Late February is the perfect time to sow seeds of summer bedding plants, either in a warm greenhouse, propagator or on a warm indoor windowsill, provided there is enough room to grow them on somewhere, until it's warm enough to transfer them outside.
It's it now time to sow summer bedding such as lobelia and busy lizzies (Impatiens), ready for hanging baskets and containers later on. Impatiens also make very good bedding plants, given a reasonably moist soil and will even do well in light shade.
Don't forget the old favourites: ten week stocks, carnations, pinks (Dianthus) and the sweetly scented tobacco plant (Nicotiana). Antirrhinums and the butterfly flower (Schizanthus) can also be sown now.
You can also sow annual climbers, such as the cup-and saucer vine (Cobaea scandens), with purple bell-shaped flowers that flower right through the summer, Spanish Flag and the Chilean glory vine (Eccremocarpus) with its bright orange flowers.
Primula seeds can be started off in trays. For greenhouse primulas, keep the temperature around 16°C (60°F); outdoor types can be left in a lightly shaded cold frame or greenhouse. In both cases, cover the trays with a pane of glass, or polythene, and always water from below so as not to disturb the fine seeds.
Now is the time to order bare root perennials and also bare root trees and shrubs. We all love going to the garden centre and buying fully grown plants, in flower, the temptation is so great. But before you do, think of the environment. Think of the vast amounts of peat based composts still used by growers. Think of all the wasted heat energy used to grown-on these plants. Not least, the huge volume of throw away plastic posts used in the industry. More and more online retailers are now stocking bare root perennials. You can order them now for early spring delivery, so they can arrive and be planted at the correct time.
Start off dahlia tubers this month, indoors or in the greenhouse, to provide shoots for cuttings. Any tubers that have rotted in storage should be removed. Any shrivelled tubers can be soaked overnight in tepid water to plump them up.
Plant the tubers shallowly in a 15 cm (6 in) deep tray of moist compost, so the tops of the tubers are just covered. Once the new shoots appear, give them plenty of light.
Prune back over-wintering geraniums, and provide them with a little more water and heat.
Forced bulbs, such as hyacinths, daffodils and tulips, that have finished flowering, can be put outside. Either place in a gently heated greenhouse, cold-frame or a well lit, frost-free shed to acclimatize the bulbs to the lower outside temperatures.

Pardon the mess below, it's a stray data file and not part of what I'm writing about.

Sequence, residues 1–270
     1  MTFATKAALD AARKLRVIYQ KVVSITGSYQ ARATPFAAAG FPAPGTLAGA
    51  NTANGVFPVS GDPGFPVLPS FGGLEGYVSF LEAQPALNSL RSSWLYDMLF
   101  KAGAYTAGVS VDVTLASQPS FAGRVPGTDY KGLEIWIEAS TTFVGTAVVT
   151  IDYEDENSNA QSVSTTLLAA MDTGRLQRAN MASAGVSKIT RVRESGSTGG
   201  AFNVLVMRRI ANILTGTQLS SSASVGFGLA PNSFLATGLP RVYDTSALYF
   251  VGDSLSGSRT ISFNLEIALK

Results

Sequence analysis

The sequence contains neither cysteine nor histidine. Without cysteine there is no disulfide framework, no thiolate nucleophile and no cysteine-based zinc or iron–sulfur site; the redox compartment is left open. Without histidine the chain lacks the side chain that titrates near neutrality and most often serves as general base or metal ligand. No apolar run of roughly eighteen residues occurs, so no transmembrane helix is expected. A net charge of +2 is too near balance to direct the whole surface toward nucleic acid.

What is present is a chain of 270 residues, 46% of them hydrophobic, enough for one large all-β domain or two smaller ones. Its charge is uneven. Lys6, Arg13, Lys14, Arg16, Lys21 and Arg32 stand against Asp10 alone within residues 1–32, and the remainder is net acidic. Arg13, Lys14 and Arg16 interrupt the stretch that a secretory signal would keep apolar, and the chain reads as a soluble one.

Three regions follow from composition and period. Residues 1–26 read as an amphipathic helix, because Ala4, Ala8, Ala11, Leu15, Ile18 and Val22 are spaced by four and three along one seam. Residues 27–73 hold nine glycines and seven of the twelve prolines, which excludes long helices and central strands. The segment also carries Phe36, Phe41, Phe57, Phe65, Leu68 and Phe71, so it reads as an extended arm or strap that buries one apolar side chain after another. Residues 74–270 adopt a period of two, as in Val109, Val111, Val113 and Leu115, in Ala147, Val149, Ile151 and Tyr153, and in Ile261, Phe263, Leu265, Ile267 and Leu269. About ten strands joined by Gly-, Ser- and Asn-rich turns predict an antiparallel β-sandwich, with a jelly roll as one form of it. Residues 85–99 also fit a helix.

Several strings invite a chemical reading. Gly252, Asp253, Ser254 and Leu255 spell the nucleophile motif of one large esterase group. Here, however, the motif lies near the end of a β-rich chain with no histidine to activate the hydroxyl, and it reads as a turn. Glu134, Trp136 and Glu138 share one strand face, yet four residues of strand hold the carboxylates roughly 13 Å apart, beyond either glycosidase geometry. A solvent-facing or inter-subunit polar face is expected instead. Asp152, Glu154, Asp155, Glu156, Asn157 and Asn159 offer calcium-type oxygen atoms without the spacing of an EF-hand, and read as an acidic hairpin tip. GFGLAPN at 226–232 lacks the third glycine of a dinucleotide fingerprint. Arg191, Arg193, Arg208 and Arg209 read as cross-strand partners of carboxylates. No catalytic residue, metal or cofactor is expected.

Snowdrop bulbs can be divided or transplanted just after flowering is over.
Lilies can be planted this month. They require good loamy soil with sharp drainage and plenty of leaf-mould. Plant stem-rooting lilies (such as the tiger lily) at 20 cm (8 in) deep, and all others lilies at 15 cm (6 in) deep.
Both St Brigid and de Caen anemones can be planted this month for a good show in summer; plant them 15 cm (6 in) apart and 5-8 cm (2-3 in) deep.
When Christmas roses have finished flowering (towards the end of the month) large, long established clumps can be lifted and divided (see propagating plants by division).
Dormant herbaceous plants may be planted towards the end of the month, if the soil and weather are suitable (not sodden or frozen). They can usually be bought in plastic bags, with their roots wrapped in compost or moss, or growing in pots.
Prepare the ground well first by digging it over and incorporating some well rotted garden compost, manure or bark. Before planting, rake in a dressing of a balanced fertilizer such as Growmore, about 64 grams per m sq (2 oz per sq yd). Remove the plastic bag from the root ball and spread the roots out in the bottom of the prepared hole. Replace the soil over the roots and firm down, so that the crown of the plant is level with the soil surface.
Finish digging any new beds or borders, especially if the soil is heavy clay, so the weather has plenty of time to break it down further.
Many early flowering spring crocuses will be coming into flower if the weather is mild enough and they were planted in a sunny position. To prevent small birds from picking them to bits, place sticks amongst the flowers and wind some black cotton around them. Alternatively you can treat the flowers with one of the harmless chemical deterrents that are widely available.
Sweet peas need a long growing season if they are to flower well. Enthusiasts often sow the seeds in autumn and over winter the young plants in frames. However, you can sow the seeds now and still get some very successful results.
Since the seeds have a hard coating it is a good idea to rub or chip a hole in the outer skin and then soak them in water for a day. Only seeds which have swollen should be sown. Sow them singly in small pots of sowing or multi-purpose compost, and place them in a cold-frame to speed up germination and to protect the resulting seedlings from birds.
Because they are long rooted, the best pots to use are those made of bituminised paper, often called sweet pea tubes or you can make your own from newspaper. These will allow the seedlings to grow unchecked as they don't need to be removed before planting, and rot away in the soil, allowing the roots to grow through unheeded.
Autumn-sown sweet peas should be given plenty of ventilation unless it is actually frosty. Pinch out the growing tips to encourage bushiness.
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